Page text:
Substitutes for CharacterControl in v3.2

I need a substitute for CharacterControl in v3.2, because my player (using CC) has been “sticking” to the ground and messing up my movement.

I have tried using RigidBody instead, and now my player is becoming disbalanced and falling over. It’s really frustrating! :weary:

Is there something else I could use that is supported in jme v3.2?

Someone else may give you a better solution that uses jme’s physics, but I stopped using CharacterControl or BetterCharacterControl for character movement in my projects 3 years ago when I had similar problems getting it to function right, and even still I got extremely low framerate when I’d get near 20 character controls. Unless anything has changed, I would personally say that those 2 classes are not viable outside of test cases.

As an alternative, I wrote my own very simple physics system that uses as little as 2 rays for moving a character every frame: one ray points down and determines the y position, and another ray points in the direction the character has moved in order to detect collisions. You can also check the contact normal of the downward facing ray to see if the player has moved onto a steep surface and use that to stop players from glitching up walls and big mountains.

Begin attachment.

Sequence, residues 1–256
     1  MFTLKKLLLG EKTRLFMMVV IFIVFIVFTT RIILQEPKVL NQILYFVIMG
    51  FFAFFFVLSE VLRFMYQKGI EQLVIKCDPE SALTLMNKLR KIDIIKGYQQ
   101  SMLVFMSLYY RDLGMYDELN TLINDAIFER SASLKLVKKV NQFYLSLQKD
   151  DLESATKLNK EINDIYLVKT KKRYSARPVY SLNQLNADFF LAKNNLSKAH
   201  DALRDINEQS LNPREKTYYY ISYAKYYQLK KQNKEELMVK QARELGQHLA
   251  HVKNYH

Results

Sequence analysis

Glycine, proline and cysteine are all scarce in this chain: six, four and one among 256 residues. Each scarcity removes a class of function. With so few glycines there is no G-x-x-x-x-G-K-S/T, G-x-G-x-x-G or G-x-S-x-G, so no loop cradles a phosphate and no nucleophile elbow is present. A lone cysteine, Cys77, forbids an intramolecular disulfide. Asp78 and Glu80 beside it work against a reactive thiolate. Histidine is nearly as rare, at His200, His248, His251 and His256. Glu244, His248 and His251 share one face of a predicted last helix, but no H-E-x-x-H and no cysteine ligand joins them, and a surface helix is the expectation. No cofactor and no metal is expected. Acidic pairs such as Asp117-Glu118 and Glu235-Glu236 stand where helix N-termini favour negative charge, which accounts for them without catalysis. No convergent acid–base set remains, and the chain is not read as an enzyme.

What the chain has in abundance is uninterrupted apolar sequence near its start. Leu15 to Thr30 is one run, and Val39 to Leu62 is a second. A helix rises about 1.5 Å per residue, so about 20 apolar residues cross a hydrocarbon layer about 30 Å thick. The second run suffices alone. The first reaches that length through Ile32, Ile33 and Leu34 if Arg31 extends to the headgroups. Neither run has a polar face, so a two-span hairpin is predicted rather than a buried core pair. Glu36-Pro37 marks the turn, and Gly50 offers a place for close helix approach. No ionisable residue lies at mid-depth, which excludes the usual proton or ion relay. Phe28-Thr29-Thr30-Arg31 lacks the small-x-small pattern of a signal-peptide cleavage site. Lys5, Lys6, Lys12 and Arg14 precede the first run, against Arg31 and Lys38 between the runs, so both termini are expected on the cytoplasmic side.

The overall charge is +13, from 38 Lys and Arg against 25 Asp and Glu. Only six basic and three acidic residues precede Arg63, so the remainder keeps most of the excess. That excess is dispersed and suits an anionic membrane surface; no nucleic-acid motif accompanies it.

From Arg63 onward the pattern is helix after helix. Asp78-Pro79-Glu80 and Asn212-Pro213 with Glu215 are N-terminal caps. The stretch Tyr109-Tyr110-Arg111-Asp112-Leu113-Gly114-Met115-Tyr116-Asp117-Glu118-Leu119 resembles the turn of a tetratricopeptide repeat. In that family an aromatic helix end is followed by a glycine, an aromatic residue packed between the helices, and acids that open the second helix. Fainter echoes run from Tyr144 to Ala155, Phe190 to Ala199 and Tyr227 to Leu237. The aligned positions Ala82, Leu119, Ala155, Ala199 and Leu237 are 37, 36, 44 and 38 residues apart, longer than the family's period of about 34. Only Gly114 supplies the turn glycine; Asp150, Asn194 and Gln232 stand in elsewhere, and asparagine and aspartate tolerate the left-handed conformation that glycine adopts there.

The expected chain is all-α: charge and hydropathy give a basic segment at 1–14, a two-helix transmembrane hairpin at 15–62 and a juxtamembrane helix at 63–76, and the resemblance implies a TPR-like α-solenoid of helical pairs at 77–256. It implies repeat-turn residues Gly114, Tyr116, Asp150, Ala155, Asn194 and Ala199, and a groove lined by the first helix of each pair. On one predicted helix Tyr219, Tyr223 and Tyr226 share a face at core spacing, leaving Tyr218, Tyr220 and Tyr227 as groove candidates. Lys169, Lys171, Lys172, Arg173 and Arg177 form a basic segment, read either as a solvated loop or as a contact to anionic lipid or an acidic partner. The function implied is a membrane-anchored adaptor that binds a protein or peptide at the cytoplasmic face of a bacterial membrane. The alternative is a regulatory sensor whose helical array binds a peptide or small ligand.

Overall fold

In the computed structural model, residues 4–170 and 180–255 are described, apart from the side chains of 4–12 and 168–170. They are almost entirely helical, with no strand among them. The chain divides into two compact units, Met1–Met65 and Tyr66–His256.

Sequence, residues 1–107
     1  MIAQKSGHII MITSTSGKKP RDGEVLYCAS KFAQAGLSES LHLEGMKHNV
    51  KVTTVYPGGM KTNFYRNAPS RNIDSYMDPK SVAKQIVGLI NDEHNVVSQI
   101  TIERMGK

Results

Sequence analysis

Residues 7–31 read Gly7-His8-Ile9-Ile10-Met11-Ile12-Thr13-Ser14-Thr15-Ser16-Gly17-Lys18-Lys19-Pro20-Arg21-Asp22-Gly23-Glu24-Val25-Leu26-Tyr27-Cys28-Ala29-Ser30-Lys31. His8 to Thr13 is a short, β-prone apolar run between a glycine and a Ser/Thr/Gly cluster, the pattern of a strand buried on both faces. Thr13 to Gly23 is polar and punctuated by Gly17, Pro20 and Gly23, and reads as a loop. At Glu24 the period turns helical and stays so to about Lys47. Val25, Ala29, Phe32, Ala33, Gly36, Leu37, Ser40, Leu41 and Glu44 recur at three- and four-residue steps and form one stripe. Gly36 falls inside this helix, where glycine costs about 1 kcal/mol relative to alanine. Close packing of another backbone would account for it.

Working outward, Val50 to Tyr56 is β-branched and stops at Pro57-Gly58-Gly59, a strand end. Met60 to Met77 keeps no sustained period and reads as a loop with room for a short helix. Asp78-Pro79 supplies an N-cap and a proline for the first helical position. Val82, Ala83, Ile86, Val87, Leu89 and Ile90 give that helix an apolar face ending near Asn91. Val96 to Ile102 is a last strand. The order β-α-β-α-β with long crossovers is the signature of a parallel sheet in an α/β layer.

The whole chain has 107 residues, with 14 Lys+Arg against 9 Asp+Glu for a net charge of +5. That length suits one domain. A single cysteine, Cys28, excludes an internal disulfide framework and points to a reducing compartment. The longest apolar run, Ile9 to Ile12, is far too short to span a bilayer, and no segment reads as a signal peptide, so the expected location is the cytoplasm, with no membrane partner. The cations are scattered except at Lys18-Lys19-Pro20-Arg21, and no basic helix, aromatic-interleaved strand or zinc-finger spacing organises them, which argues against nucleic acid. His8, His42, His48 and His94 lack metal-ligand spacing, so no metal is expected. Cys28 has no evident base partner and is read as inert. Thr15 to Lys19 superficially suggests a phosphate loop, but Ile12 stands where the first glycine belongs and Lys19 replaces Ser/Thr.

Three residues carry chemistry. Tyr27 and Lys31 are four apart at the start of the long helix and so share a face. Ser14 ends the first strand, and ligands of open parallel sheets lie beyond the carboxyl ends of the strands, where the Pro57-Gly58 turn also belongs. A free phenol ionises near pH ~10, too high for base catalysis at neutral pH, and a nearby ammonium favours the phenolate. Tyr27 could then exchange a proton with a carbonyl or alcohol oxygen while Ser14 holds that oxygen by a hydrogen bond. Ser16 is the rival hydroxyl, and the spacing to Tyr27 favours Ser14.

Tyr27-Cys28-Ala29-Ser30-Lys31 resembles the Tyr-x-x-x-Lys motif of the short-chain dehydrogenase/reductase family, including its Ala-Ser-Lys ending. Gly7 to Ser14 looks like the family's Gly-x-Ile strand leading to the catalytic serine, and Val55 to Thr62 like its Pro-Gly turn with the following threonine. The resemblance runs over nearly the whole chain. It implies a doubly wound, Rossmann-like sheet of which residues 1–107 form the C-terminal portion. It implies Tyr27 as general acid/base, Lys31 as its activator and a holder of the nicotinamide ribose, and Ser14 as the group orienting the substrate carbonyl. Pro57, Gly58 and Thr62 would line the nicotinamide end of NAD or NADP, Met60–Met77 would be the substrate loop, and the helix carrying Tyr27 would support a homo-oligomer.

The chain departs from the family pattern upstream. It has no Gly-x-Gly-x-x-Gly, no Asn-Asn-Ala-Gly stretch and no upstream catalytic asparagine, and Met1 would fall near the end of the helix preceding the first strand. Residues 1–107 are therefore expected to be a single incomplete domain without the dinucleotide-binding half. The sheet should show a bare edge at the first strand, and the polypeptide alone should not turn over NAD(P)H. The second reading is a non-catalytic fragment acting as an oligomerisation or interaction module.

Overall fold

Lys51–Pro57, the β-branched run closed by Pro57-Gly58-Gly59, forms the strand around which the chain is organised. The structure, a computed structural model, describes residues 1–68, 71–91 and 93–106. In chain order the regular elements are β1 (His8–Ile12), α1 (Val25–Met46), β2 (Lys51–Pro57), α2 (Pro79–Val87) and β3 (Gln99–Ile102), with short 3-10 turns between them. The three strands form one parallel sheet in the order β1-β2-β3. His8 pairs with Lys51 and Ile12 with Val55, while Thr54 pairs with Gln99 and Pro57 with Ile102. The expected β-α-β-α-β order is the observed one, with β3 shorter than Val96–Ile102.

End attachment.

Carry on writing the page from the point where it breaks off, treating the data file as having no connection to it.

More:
I still use jme’s physics (minie specifically) for occasions where I need advanced physics functionality, like for ragdolls and dynamic knockback effects, but when the players or npcs are just walking around normally and playing animations, using a full fledged physics system seems to be overkill. I went from having 20 character control lagging out my cpu, to being able to have 100+ npcs without any noticeable fps drop on the cpu. And it looks/feels much better than the normal character control. I could never find a realistic sweet spot with the character control’s values like friction, mass, and jump height without causing some weird new buggy behavior to pop up every time I thought I got it right.


You can still control the RigidBodyControl with a custom AbstractControl using some forces , here’s a bit of it’s taste :

Vector3f moveForwardForce=new Vector3f(0f,0f,5f);
Vector3f moveBackwardForce=new Vector3f(0f,0f,-5f);
Vector3f moveRTForce=new Vector3f(-5f,0f,0f);
Vector3f moveLTForce=new Vector3f(5f,0f,0f);
Vector3f jumpForce=new Vector3f(0f,20f,0f);

RigidBodyControl rigidBodyControl=new RigidBodyControl(5f,CollisionShapeFactory.createDynamicMeshShape(npcSpatial));






You can also move this npcSpatial by :

  • rigidBody.setGravity(moveForward); which basically creates a continuous pulling force towards the vector3f specified in your physicsSpace ,

  • rigidBody.applyCentralForce(moveForward); which is the same as impulse but this gets cleared after being applied .

NB: applyCentralForce or applyCentralImpulse is basically applying a force on the object assuming it’s effective center is the object center ie (0,0,0) w/ respect to the object node.

if , you need to change the effective center for this object during the application of the force , use :

  • applyForce(force,offset);
  • applyImpulse(force,offset);

Where offset is a vector3f instance , that’s used as an effective center for perception of that force.

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its rather because of floor CollisionObject or rigid body setting or because of some physics settings.